All Kenya's a Stage: When Shakespeare Youth Festival LA Taught Drama to Young People in Africa, the Learning Went in All Directions

By Packett, Kila | American Theatre, January-February 2020 | Go to article overview

All Kenya's a Stage: When Shakespeare Youth Festival LA Taught Drama to Young People in Africa, the Learning Went in All Directions


Packett, Kila, American Theatre


THERE WAS A CHILL IN THE AIR WHEN I STEPPED outside the Jomo Kenyatta International Airport in Nairobi. It was mid-August, and night had fallen with a crisp energy that was completely new to me. Groups of Africans were huddled by the exit to greet loved ones, haggle for cab fares, or to guide safari-clad tourists to their vans. Meanwhile, I was an actor headed to a remote village to teach Shakespeare. Curious eyes were gazing at me. Men rushed to me with trinkets to sell and prices to bargain. I was a foreigner in a new city, and yet I felt incredibly at ease.

How did I get here? I can trace the path back to one evening in 2012 in a stark room at the Mark Taper Annex at Center Theatre Group in Los Angeles. Fresh from New York City, I was attending a teaching artist workshop, where I met two actors who ran the Shakespeare Youth Festival, a program of the Los Angeles Drama Club. Within two weeks I found myself in South Los Angeles co-directing 24 children in The Tempest as part of the festival's year-round effort to bring the Bard to young people in Watts, East L.A., and Hollywood. Their efforts have in more recent years expanded to Mexico, Botswana, and, last summer, Kenya.

Earlier in 2019 we received an invitation from Dr. Auma Obama to bring our program to her home country. Just three months later, six teaching artists and four teenage Shakespeare nerds were on a plane to Nairobi. We then journeyed 250 miles deeper into the heart of Kenya. We passed the Great Rift Valley, uncelebrated towns teeming with life, and ancient rock formations, until we arrived in a place called Nyang'oma Kogelo, the birthplace of Barack Obama Sr. and his daughter Auma, half-sister to former President Barack Obama.

Auma Obama had a vision for her hometown: to create a platform for disadvantaged children that would allow them to discover their strengths and realize their full potential to live independent and successful lives. In 2009, the Sauti Kuu Foundation (Kiswahili for "powerful voices") was born. As part of their programming, every summer for one week, 100 children aged 10 to 18 are invited to board on the campus grounds and participate in workshops on such subjects as first aid, woodworking, sewing, sports, and horticulture. This year, Dr. Auma (as they call her) wanted to develop the drama component of SKF, hence her invitation.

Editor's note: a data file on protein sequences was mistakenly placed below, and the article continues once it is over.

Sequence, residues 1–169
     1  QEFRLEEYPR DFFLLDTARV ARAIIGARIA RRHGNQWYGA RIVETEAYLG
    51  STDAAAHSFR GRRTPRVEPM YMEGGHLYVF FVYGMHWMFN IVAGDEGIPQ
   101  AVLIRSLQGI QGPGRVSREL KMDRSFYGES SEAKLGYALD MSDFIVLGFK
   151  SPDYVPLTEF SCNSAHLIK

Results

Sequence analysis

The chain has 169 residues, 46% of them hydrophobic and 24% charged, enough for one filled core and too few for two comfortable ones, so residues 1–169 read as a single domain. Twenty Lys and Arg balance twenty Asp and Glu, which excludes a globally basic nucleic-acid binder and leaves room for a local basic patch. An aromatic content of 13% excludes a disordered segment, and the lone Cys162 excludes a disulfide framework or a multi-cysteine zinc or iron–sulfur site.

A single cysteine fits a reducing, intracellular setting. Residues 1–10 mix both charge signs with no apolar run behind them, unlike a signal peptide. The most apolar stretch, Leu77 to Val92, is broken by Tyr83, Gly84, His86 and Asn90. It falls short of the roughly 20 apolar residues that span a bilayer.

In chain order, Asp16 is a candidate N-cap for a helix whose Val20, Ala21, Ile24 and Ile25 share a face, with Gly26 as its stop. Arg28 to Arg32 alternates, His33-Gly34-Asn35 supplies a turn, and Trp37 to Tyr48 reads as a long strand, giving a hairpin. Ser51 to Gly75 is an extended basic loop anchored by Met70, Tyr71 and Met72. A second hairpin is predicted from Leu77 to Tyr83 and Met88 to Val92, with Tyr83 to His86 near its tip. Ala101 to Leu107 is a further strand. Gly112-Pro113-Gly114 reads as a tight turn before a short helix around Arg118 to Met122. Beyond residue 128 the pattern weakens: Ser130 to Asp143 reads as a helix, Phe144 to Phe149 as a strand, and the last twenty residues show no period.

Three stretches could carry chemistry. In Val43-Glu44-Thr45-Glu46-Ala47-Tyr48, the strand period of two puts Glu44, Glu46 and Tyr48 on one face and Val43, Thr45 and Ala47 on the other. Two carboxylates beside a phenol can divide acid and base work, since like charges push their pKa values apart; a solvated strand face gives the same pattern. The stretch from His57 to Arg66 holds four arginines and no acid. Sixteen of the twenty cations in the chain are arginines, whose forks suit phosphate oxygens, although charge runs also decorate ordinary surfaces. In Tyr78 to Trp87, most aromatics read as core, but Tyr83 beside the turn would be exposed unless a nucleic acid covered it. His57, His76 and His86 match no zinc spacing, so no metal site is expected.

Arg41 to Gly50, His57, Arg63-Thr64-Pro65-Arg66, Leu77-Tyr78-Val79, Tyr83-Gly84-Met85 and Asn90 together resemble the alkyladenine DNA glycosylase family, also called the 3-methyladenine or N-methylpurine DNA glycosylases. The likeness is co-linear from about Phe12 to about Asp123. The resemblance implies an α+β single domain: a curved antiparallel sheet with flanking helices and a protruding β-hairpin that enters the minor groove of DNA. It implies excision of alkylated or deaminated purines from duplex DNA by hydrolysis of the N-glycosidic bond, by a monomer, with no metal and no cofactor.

In transit, I practiced my limited Kiswahili: "habari," a more formal "hello," as opposed to "jambo," which is what they say to tourists, and "nina furaha kukutana na wewe," or "nice to meet you," which proved to be a challenging tongue twister. English and Kiswahili are Kenya's official languages, but there are a total of 68 languages spoken by different regional tribes. Where we were heading in western Kenya, roughly three million speak Luo, including Dr. Auma and her Sauti Kuu students.

We poured out of the van after a seven-hour drive and were overtaken by local attention. Some boys were playing soccer and invited us to jump in. I scored a goal, luckily! Red dirt caked the white soles of my Adidas shoes and sweat ran down my face. Here I was, 10,000 miles from home, engaging with an amazing group of strangers on a soccer field made possible by President Obama's sister.

We were greeted by local staff, who made us feel like honored guests, taking our hands with strong eye contact and guiding us to a circle of chairs where we would all share ourselves. There were offerings of mandazi, a fried bread snack, and delicious lemongrass tea. We met with Dr. Auma, field projects coordinator Dan Joshua Oduor, sport coordinator Lucy Akinyi Otieno, communications intern Kennedy Omondi, and other SKF team members. We played theatre games as an ice breaker and toured the vegetable garden.

The chosen theme for our gathering was "All the world's a stage--How will you play your part?" We were to use Shakespeare's words to inspire and empower the students of Sauti Kuu, culminating in a performance for the village at the end of the week. …

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